October 29, 2021
A young girl sitting on the floor and reading a book in a public library

It’s no secret that the humanities play an important role in society and in our lives, but to Linda Garrison ’21PhD, a graduate of the Texts and Technology program, it goes much deeper than that. For her dissertation, she looked into whether elementary school libraries in west-central Florida provide diverse, inclusive collections of LGBTQIA+ material, and she came to a significant conclusion: humanities research can save lives.

Garrison was inspired to research the issue of LGBTQIA+ materials in libraries by her own work as a librarian, as well as her family members who identify as members of the community. She noticed that not many researchers were examining the issue — especially not at the elementary school level that she chose to focus on.

“I consider my work to be a feminist research project as the focus is giving voice to a marginalized community and my ultimate goal is to support social justice and social change,” Garrison wrote in her dissertation. “It is my hope that this study helps every librarian be bold and unafraid as we support our LGBTQIA+ students.”

As a librarian, Garrison is familiar with the importance of the library as a safe place of learning for children and adults alike. Even within libraries that do provide LGBTQIA+ materials, she noticed a difference in where the books were featured on the shelves.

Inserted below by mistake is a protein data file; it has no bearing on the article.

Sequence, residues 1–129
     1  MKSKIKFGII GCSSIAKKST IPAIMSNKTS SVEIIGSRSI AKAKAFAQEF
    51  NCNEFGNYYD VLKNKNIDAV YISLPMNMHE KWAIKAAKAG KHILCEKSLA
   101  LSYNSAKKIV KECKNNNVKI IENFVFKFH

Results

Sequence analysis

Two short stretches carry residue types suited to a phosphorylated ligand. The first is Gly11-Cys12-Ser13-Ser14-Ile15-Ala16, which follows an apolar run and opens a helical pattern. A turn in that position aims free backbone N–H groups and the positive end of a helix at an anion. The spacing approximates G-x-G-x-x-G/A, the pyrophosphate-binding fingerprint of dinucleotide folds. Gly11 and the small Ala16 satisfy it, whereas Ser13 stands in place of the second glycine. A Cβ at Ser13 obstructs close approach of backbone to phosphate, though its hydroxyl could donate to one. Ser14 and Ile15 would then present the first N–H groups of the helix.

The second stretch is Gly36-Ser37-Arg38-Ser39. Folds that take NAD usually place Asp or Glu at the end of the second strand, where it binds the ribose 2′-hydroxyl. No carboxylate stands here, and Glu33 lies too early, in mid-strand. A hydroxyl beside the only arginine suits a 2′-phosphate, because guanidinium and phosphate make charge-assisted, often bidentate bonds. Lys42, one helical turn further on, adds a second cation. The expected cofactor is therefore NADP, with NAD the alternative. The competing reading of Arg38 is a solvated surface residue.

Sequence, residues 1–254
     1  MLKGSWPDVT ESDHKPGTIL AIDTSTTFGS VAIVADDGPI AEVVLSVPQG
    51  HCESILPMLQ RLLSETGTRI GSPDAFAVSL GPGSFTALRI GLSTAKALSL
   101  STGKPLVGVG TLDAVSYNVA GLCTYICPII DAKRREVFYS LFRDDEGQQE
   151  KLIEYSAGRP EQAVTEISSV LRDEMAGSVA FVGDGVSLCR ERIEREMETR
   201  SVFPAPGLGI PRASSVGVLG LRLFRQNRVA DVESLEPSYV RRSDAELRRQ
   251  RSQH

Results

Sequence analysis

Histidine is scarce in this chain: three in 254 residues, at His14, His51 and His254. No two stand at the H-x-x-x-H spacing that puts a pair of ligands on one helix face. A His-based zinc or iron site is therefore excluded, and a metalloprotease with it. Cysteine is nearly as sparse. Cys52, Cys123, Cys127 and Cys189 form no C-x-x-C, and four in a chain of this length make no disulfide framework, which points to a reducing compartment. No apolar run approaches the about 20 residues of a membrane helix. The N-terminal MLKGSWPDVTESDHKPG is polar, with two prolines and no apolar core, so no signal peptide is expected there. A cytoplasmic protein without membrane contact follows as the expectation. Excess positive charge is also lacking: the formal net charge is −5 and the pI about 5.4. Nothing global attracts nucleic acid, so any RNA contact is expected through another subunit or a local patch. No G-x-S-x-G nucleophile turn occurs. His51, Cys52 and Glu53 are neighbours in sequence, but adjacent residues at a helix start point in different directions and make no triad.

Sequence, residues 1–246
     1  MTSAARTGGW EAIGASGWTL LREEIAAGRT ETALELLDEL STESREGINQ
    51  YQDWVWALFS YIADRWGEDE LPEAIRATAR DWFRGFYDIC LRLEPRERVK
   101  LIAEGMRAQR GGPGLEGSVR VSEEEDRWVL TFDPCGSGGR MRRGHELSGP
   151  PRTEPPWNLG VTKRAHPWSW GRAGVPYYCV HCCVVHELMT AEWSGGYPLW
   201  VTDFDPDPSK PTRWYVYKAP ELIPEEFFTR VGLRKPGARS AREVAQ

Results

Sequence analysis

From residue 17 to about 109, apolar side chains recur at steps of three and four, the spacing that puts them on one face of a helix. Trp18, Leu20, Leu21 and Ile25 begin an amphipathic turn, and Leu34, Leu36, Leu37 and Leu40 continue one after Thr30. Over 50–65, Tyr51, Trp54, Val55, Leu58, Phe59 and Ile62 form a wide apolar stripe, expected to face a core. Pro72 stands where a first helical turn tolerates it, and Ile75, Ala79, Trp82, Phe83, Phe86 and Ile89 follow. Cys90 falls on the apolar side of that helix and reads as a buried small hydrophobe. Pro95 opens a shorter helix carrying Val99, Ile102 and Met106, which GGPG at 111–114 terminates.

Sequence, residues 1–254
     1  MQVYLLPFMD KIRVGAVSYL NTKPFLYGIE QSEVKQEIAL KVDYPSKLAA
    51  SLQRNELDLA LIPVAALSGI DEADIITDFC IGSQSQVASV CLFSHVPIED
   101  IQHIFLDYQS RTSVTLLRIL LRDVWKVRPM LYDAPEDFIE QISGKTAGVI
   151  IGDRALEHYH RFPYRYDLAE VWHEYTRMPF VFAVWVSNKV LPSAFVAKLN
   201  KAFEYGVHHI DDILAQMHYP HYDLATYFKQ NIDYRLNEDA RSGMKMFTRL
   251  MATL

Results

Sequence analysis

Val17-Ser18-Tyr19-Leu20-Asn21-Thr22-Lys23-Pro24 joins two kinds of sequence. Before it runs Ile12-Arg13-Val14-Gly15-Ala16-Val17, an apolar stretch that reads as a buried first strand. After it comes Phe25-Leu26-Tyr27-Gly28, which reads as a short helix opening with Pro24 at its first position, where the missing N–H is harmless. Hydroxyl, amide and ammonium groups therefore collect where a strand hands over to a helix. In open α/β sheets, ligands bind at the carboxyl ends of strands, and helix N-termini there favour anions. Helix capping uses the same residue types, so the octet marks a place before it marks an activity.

“Classification is one of the first things you learn in school,” says Garrison. “The library shelves make classification very visible. ‘Why isn’t my family in the picture book section? Why is my family in the parent/teacher collection? What makes me different?'”

A graphic of the Genderbread Person, a research tool that Garrison used to explain the difference between gender and sexuality
The Genderbread Person, a research tool that Garrison used to explain the difference between gender and sexuality

By conducting anonymous surveys and interviews with librarians, Garrison uncovered three critical factors that play a role in whether LGBTQIA+ materials are included in school libraries: whether librarians believe that the materials belong there, whether they have administrative support and whether they have support from parents.

“And, of course, you need the budget,” Garrison adds. “One librarian said, ‘If I had a million dollars, I could not buy enough books.'”

In addition to surveying and interviewing librarians, Garrison spoke to the parents of transgender children, including the mother of Jazz Jennings, a YouTube and television personality and LGBT rights activist. Jennings’ story is featured in the autobiographical children’s book I Am Jazz. The book has been challenged by some for exploring gender identity, leading to its inclusion on the American Library Association’s list of the top 10 most challenged and banned books in 2017.

“Just being exposed to images of transgender persons reduces transphobia,” says Garrison. “What better place to provide that than a picture book, like I Am Jazz?”

Looking back at her research, Garrison noted a common theme among the librarians she interviewed: the distinction between pushing an agenda and supporting students by providing them with materials that reflect their lives and experiences.

“We are providing material that allows students to see their lived lives,” says Garrison. “It acknowledges who they are, and that in and of itself can make a difference.”

To learn more about the Texts and Technology Ph.D. program, click here